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History repeats...

Opinion

More than 150 years ago a small group of Irish settlers on Yorke Peninsula set about building a church for their growing community, culminating in the opening of St Francis of Assisi Church by Bishop Sheil on December 12 1869.

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Catholics in the area that was to become known as the Copper Coast would have been outnumbered by the predominantly Methodist Cornish population but their determination to practice their faith and pass it down to their children was unwavering.

Fast forward 150 years and a small group of southern Indian migrants have generously financed the establishment of their own Syro-Malabar Catholic Church in Elizabeth South, with the same aim of carrying on their faith tradition in a new land.

Interestingly, the new church has been constructed in an industrial area of Adelaide which would have employed Catholic immigrants from post-war Europe, many of whom have contributed greatly to our parishes and migrant chaplaincies. With the demise of the car manufacturing industry in SA, there is an abundance of empty factories and warehouses, one of which is now flourishing as a place of worship for migrants working predominately in the IT and health sectors.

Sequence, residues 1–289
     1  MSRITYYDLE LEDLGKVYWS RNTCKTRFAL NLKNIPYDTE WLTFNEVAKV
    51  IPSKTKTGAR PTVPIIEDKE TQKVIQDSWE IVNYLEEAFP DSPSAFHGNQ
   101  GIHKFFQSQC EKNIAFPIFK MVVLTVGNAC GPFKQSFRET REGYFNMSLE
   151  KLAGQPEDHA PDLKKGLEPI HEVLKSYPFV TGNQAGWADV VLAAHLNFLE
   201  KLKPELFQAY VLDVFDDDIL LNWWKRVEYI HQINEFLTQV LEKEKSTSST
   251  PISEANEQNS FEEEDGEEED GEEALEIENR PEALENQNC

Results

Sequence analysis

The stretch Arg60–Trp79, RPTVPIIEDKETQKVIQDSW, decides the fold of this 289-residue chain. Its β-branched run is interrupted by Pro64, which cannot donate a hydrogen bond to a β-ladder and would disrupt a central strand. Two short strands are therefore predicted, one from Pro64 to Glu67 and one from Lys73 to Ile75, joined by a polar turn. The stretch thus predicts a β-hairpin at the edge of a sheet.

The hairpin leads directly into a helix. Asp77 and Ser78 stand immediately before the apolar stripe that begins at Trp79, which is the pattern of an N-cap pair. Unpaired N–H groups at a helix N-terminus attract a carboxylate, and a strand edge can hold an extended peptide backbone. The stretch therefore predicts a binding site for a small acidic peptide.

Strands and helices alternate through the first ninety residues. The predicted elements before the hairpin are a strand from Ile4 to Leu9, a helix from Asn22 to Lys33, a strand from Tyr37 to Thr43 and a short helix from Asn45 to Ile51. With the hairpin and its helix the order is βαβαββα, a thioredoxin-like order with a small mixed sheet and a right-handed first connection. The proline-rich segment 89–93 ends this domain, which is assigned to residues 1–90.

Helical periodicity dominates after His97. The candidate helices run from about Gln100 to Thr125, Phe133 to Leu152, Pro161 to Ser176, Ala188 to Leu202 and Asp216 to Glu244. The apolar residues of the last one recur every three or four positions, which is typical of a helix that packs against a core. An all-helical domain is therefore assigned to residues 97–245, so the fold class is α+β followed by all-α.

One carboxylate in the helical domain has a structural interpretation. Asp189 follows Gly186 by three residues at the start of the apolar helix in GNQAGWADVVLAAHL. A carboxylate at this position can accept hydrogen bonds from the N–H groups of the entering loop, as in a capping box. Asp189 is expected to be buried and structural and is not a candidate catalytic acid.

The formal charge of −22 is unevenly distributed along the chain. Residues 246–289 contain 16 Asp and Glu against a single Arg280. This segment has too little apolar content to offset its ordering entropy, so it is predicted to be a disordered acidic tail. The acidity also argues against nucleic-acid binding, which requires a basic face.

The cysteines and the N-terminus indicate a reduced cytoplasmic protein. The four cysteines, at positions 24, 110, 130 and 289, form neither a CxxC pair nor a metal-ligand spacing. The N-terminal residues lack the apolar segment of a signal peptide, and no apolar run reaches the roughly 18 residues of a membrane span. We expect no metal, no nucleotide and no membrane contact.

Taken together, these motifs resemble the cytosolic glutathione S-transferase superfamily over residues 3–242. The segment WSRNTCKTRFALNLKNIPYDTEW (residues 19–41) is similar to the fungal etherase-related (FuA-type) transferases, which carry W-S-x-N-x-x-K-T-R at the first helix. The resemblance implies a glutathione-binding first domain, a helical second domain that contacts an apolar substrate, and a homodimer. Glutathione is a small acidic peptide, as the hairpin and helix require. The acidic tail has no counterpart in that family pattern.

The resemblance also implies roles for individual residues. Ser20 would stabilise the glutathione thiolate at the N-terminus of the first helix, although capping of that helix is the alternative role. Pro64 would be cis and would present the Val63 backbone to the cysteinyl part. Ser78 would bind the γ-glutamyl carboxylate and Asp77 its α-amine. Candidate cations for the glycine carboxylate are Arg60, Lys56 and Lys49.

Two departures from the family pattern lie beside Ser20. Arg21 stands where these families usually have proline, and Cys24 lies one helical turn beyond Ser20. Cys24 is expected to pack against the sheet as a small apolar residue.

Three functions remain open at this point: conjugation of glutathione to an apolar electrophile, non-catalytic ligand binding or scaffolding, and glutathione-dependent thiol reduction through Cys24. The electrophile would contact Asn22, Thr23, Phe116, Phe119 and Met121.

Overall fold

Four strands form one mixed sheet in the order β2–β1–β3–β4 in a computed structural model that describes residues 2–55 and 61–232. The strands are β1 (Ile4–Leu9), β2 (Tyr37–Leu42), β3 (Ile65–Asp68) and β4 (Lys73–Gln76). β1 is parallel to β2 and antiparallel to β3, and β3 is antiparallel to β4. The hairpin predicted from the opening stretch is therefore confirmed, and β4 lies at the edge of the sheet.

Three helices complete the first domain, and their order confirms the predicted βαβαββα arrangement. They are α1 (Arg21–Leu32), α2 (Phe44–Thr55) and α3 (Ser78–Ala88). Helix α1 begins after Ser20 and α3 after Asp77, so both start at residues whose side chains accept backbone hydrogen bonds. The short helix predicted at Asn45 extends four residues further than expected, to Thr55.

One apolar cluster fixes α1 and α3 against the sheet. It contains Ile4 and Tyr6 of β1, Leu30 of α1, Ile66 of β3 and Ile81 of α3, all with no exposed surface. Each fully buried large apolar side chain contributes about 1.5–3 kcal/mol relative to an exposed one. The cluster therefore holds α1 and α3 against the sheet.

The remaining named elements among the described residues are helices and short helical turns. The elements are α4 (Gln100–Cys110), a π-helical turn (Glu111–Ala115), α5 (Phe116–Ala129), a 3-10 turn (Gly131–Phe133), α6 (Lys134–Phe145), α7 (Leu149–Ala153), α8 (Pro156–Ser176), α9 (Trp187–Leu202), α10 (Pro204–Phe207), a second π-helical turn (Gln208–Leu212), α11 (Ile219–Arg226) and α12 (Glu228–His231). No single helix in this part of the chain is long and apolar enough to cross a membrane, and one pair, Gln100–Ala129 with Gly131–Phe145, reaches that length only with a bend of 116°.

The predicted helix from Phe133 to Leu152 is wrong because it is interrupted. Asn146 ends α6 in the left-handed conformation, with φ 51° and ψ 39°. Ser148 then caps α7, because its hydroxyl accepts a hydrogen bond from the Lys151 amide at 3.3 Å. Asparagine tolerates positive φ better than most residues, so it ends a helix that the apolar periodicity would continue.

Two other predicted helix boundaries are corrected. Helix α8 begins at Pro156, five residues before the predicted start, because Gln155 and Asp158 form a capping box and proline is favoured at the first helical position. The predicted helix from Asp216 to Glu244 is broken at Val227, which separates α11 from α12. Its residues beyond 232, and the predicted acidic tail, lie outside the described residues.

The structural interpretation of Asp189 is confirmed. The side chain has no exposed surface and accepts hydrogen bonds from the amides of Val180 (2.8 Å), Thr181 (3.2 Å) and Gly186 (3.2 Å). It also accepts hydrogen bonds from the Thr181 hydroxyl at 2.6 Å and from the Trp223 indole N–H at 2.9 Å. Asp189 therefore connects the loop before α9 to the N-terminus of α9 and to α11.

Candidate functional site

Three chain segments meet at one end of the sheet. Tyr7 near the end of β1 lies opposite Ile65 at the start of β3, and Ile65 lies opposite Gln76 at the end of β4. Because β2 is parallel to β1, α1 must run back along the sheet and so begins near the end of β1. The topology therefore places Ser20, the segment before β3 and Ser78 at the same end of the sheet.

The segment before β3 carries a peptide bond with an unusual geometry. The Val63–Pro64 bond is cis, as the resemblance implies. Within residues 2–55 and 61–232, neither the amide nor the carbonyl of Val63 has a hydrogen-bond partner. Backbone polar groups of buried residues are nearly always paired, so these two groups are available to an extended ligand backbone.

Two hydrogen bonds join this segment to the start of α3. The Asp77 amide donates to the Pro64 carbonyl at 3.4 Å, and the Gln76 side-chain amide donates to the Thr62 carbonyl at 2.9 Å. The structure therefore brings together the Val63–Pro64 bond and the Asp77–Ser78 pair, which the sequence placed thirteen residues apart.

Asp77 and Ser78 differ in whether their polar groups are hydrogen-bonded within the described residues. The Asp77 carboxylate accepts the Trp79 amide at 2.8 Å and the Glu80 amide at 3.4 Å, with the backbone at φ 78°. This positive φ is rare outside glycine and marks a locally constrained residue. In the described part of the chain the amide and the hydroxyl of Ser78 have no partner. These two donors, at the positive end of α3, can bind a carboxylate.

Similarly, the influx of Vietnamese refugees four decades ago has seen the local Catholic community go from strength to strength, with the 1200-seat Our Lady of the Boat People Church at Pooraka dedicated on September 29.

The vibrancy and commitment of these multicultural faith communities makes for a welcome change to the prevailing negativity among many other Australian Catholics who feel let down by their leaders amidst the shocking revelations of the Royal Commission and are worried about the future of the Church they know and love.

Some believe the Church is out of step with contemporary society, others would like to see a much more rigid approach to doctrine and traditions. But many more are just plain worried about the dwindling attendances at Mass, the shortage of priests, and the lack of families and children engaged in their parishes.

Contrast this to the absolute joy and pride of the Syro-Malabar community as adults and children participated with gusto in the singing and chanting in a three-hour plus consecration and Holy Mass in their new church!

So when we start worrying about what’s wrong with our Church, we should also remember what makes it right for others, and how much energy and dedication has been put into sustaining the faith all over the world, including our own little patch here in Adelaide.

Who knows, in 150 years’ time the Syro-Malabar St Euphrasia parish may be celebrating the anniversary of their church and perhaps there will be a new group of Catholic migrants doing their utmost to create a community of believers somewhere in Adelaide. This should inspire us to stay positive and do all that we can to make sure they are not alone.

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